To generate a html report file, use the
--html=filename option. You can specify for how long in seconds a report can be generated by using the
You can specify a workload file to execute as part of the calibration before generating a report by using the
To show help messages use the
--help option or view the manpage.
To specify the number of times a test should be run by using the
PowerTop Usage with Examples
If you run powertop without any of the above options, it starts in an interactive mode as shown in the output below.
The overview screen
This display screen allows you to view a list of the system components that are either sending wake-ups to the CPU most frequently or are using the most power on the system.
The Idle stats screen
It displays various information about processor C-states.
The Frequency stats screen
This screen displays the frequency of wake-ups to the CPU.
The Device stats screen
It provides information similar to the Overview display screen but only for devices.
The Tunables screen
It provides suggestions for optimizing your system for good power consumption.
As you can see from the output above, there are different display screens available and to switch between them, you can use Tab and Shift+Tab keys. Exit powertop by pressing the Esc key as listed at the bottom of the screen.
It displays the number times your system wakes up each second, when you view the device stats display screen, it shows statistics of power usage by different hardware components and drivers.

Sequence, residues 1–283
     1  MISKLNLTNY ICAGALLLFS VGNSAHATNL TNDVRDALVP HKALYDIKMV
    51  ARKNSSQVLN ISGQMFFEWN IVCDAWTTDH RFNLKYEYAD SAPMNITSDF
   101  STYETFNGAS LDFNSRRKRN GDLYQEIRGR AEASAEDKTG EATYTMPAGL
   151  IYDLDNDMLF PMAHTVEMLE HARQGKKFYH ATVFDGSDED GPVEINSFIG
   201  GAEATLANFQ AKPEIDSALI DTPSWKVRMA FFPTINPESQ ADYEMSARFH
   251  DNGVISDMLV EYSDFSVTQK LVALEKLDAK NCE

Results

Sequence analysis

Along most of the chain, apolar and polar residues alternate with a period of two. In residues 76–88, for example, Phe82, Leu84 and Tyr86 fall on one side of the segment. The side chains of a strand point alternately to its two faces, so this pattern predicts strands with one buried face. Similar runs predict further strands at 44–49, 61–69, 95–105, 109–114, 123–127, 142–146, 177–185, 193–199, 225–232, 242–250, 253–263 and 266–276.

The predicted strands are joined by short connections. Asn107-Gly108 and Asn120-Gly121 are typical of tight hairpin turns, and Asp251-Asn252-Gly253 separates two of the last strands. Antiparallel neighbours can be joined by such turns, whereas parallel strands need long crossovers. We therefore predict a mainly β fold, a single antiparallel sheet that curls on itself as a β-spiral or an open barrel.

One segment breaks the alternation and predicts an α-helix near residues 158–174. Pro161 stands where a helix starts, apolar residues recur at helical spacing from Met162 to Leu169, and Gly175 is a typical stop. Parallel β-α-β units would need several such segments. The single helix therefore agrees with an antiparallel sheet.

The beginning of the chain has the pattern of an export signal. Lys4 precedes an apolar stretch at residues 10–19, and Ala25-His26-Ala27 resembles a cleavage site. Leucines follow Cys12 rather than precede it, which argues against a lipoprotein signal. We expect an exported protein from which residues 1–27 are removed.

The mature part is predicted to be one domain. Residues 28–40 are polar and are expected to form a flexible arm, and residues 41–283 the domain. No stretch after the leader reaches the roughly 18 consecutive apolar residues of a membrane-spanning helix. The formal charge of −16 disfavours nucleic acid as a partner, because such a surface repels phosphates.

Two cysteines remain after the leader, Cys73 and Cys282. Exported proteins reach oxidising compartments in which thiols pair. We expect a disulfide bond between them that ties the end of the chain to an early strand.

To maximize battery power, you have to minimize system wake-ups. And to do this, you can use the Tunables display screen.
“Bad” identifies a setting that is not saving power, but may be good for the performance of your system.
Then “Good” identifies a setting that is saving power. Hit [Enter] key on any tunable to switch it to the other setting.
The example below shows output when using the
# powertop --calibrate
After the calibration cycles, powertop will show the overview screen with a summary of operations as below.
Generating PowerTop CSV Report
The next example shows generating a CSV report for twenty seconds.
# powertop --csv=powertop_report.txt --time=20s
Now let’s view the CSV report using cat command.
# cat powertop_report.csv
Generate PowerTop HTML Report
You can generate a html report as follows, the html file extension is added automatically to the filename.
# powertop --html=powertop
The sample html report file as viewed from a browser.
This tool also has a daemon service that helps to automatically set all tunables to “Good” for optimal power saving, and you can use it as follows:
# systmctl start powertop.service
To make the daemon service start at boot time, run the following command:
# systemctl enable powertop.service
You need to take caution when using daemon service because certain tunables pose a risk of data loss or weird system hardware behavior. This is evident with the “VM writeback timeout” settings that affects the time your system waits before writing any changes of data to the actual disk.
When the system loses all it power, then you risk losing all changes made on data for the last few seconds. Therefore you have to choose between saving power and securing your data.
Try to use this tool for some period of time and observe the performance of your battery. You can post a comment to tell us about many other similar tools or add information on usage of powertop, about error you encountered. Remember to always stay connected to Tecmint to get more of such guides.